? Connelly, First Lieut. Edward A.
Bumpus and Dr. E. S. Griswold,
Capt. Edwin V. Bookmill?r of the
[ Ninth ; infantry reports that Gen.
Hughes" is assembling a force to attack
The.. insurgents captured all th?
stores and ammunition of the company
and all the rifles-except; 26.
A Card From Mr. Lever.
To the Editor: Please allow me
space in your valuable paper to extend
I to the people of your county my sin?
cere and heartfelt thanks, for their
kind and liberal support in the recent
! primary election. I hardly think it
possible for anyone to have any keener
j sense of appreciation, and at the same
time feel more keenly the responsibil?
ity resting upon-me as the spokesman
of the district. The responsibility is
magnified, and the honor greater, be?
cause we are to attempt to fill the place
mad6 vacant by as able, as earnest
and as conscientious representative of
th? whole people as this district has
ever had. My purpose shall be to rep?
resent the entire district, and I do
not want any one to hesitate in mak?
ing known any wish to me, and i
promise, as far as possible in; con?
sistency, to do my best to gratify the
wish. . The best that we can do is all
that we can, and it is all that we
promise to do.
I trust that we will conduct our?
selves in such a manner that no one
will feel that he acted, unwisely in
helping to make me his representative.
Mayesville News Notes.
; Mayesville, Sept. 25.-The election
passed off quietly here yesterday. A
larger vote was polled than in the
On account of the late cotton crop
and the heavy rains of last week,
business is somewhat. dull at present.
The. cotton receipts ?re still quite
Dr. Wm. Edwin Hall, of New York,
the famous lecturer, will lecture here
tonight. This will be his second ap?
pearance here this season, and a large
'audience should greet him.
The Mayesville High School con?
tinues to increase in attendance, and
the scholars have all settled down to
Mrs. A. A. Strauss and Mrs E.
Stern berger left for Charleston this
Mrs. John Nettles, of Dillon, is
visiting at Mr. R. C. Mayes'.
Misses Carrie DuRant and Mary
Muldrow are visiting Miss Ada Mayes.
Mr. J. Henley Mills left for the
South Carolina College last night.
; Mr. M. A Strauss left this morn?
ing to attend the Medical College
of South Carolina at Charleston.
When you cannot sleep for coughing, it
is hardly necessary, that anyone should tell
you that you need a few doses of Cham?
berlain's Cough Remedy to-allay the irri?
tation of the throat, and make sleep pos?
sible. It is good. Try it. For sale by
Dr. A J. China.
Washington, Sept. 29.-Referring to
news in regard to the Colombian
revolution, in which it is said that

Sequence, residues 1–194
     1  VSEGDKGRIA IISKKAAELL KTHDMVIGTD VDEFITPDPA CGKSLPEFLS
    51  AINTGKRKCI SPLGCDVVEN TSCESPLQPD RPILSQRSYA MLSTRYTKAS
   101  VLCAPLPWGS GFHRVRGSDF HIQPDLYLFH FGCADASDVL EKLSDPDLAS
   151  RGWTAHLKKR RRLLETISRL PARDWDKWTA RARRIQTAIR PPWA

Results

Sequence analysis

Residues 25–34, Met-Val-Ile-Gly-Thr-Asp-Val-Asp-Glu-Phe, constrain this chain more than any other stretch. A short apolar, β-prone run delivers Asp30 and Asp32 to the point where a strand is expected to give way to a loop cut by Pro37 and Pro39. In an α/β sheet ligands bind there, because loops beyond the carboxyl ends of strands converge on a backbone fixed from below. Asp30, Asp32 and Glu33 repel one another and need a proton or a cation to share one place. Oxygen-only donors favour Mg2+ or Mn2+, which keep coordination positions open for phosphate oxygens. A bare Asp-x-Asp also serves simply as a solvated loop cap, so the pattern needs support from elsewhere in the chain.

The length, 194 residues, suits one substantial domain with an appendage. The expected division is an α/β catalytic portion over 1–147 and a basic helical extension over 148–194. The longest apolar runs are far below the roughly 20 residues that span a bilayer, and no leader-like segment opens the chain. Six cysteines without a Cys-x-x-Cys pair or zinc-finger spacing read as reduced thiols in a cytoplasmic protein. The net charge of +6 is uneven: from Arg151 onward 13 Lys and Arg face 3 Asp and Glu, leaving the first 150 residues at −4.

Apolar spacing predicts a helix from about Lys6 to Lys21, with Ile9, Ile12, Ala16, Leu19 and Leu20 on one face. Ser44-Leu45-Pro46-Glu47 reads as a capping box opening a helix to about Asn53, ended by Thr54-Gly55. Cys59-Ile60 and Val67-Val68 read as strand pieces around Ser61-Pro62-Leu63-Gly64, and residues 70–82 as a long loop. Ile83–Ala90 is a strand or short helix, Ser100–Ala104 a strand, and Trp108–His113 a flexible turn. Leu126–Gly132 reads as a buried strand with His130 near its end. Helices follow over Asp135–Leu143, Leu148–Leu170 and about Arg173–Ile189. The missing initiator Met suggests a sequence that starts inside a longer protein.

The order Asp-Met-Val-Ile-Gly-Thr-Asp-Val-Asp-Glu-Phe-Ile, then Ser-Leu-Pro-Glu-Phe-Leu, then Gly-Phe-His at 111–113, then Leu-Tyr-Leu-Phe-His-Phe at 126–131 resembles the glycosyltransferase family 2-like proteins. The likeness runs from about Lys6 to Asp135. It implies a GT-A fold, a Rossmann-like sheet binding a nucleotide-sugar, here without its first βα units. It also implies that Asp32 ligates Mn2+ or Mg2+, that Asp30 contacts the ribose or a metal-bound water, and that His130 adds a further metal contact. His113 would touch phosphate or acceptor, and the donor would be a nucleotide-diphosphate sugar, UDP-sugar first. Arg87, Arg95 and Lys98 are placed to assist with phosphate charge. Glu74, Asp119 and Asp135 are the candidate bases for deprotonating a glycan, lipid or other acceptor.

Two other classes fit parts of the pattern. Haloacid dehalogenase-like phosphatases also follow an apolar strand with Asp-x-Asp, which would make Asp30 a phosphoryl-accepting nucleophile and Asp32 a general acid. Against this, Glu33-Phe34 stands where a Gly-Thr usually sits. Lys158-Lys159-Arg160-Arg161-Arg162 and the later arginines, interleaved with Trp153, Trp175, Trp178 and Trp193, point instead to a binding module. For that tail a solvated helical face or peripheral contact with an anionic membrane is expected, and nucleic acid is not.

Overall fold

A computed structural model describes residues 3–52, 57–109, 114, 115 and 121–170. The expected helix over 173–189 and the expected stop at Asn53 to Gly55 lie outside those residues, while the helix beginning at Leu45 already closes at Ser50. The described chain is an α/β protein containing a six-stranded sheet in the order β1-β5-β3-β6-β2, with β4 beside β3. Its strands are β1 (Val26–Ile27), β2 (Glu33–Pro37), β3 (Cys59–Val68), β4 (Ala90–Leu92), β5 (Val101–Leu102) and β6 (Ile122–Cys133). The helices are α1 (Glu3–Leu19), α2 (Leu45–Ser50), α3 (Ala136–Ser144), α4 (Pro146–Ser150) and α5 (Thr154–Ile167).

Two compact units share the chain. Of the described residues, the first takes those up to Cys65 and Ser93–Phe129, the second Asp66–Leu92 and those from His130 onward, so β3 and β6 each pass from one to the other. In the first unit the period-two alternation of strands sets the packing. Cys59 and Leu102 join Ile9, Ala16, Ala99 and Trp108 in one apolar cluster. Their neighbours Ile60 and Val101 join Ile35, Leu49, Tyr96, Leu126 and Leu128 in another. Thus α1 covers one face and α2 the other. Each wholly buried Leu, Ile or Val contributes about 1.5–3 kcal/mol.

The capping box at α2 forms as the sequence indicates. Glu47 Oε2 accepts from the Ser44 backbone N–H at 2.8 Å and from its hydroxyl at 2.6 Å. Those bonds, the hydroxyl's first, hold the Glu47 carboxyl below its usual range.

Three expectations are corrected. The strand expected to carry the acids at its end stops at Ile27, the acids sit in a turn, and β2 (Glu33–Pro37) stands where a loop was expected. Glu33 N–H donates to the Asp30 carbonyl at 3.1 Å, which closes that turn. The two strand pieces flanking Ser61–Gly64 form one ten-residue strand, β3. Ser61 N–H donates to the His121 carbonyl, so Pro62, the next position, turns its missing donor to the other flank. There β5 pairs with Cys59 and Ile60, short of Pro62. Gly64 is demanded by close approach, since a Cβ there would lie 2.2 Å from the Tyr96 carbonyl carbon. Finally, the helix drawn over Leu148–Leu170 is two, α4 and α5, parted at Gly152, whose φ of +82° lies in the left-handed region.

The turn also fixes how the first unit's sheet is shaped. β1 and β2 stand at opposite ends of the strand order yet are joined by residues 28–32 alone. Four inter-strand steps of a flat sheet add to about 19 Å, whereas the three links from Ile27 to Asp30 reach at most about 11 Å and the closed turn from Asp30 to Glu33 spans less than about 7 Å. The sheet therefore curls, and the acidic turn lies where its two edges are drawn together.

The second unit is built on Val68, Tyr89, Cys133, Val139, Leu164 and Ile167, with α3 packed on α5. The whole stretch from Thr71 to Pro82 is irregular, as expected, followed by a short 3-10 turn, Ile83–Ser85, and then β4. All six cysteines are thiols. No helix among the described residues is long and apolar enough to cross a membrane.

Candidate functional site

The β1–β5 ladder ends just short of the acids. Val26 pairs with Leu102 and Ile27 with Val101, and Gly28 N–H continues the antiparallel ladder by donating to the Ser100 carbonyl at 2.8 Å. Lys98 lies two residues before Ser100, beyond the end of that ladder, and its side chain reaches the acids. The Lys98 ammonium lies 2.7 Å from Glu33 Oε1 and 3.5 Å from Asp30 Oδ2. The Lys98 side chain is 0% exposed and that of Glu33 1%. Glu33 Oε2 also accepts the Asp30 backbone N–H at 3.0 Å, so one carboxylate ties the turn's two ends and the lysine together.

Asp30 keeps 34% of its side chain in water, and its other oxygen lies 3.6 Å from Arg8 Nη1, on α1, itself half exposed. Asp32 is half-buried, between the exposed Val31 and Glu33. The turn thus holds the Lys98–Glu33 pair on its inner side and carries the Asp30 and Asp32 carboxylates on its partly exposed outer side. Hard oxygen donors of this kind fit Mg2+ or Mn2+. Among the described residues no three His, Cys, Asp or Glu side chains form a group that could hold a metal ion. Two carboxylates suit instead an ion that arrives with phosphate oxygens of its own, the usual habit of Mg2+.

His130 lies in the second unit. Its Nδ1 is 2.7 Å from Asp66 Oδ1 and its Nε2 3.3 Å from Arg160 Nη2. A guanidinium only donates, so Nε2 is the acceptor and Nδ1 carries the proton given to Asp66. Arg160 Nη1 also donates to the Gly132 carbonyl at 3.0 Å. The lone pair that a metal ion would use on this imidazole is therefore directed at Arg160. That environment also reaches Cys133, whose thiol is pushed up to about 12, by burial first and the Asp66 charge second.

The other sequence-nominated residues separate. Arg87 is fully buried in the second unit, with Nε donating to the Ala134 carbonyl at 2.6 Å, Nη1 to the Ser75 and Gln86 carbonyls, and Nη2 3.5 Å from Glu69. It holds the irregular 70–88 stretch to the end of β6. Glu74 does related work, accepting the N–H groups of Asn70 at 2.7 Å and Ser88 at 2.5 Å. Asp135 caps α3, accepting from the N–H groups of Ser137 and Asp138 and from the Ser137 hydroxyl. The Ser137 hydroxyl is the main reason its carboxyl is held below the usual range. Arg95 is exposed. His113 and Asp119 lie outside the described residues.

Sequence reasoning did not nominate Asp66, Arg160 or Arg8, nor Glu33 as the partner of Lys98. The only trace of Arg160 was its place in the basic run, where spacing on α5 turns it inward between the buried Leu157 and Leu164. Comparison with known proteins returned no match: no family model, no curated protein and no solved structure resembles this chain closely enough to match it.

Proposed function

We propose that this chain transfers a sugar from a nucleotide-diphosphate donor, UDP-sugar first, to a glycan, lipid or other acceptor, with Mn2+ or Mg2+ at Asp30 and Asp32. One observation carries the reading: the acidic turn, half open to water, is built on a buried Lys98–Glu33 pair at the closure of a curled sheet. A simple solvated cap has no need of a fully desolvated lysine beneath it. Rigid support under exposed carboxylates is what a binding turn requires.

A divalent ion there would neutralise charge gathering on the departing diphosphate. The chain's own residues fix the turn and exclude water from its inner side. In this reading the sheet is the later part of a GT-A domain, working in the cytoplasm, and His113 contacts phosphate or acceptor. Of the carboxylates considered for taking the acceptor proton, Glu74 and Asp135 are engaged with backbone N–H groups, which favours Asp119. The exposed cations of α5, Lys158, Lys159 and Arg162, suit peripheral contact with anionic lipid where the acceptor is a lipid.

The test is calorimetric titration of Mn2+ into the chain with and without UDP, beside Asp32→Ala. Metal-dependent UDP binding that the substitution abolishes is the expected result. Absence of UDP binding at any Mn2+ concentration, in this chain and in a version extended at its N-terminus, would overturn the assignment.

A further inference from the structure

th? Liberal party had organized in San
Jose, Costa Rica, to carry on the
revolution, the Costa Rican Minister
says that his Government has observed
and will strictly. observe the laws of
neutrality. Any influence that may be
brought to bear will have no effect, he
New York, Sept. 28.-In the matinee
of the Rod Drivers' association at the
Empire City track today C. K. G.
Billing's brown pacer, Little Boy
broke a world's record. Accompanied
by a runner and driven by an amateur,
F. G. Jones of Memphis, Tenn., in an
effort to break his own record of 2:03
3-4 to wagon, Little Boy went to . the
quarter in 31; the half in 1:001-4;
three-quarters in 1:31 and passed the
wire in 2:02.
The will of President McKinley was
offered for probate Friday. at Canton,
0. The entire estate is left to his
wife except an annunity of $10,000 to
his mother. It ls given on authority
that the McKinley estate will total
8225,000 to $250,000 including life in?
surance of $67,000.
The story recently telegraphed from
Lake City to the effect that oil had
been discovered in that town turns
out to be a monstrous fake. There was
a well-laid plan, however, to fool the
property owners. It seems that while
the well borers had gone to dinner some
of the smart young people of the town
poured gallons of oil in the well and
dropped in small particles of coal. The j
"salting" process hoodwinked the
populace, and the news spread like
wildfire that oil had been found. It
is said that offers were made for the
purchase of property near the well.
Col. Wilie Jones is said to be think?
ing about running for Governor instead
of the Senate. His chances of elec?
tion are about as good for one office as
For Infants and Children.
The Kind You Have Always Bought
SCHLEY COURT OF INQUIRY.
The Witnesses Monday Not Fa?
vorable to Schley.
Washington, Sept. 30.-Rear Admirai
Evans, who as captain, commanded
the battleship Iowa during the Santi?
ago campaign, was a witness before the
Schley naval court of inquiry today.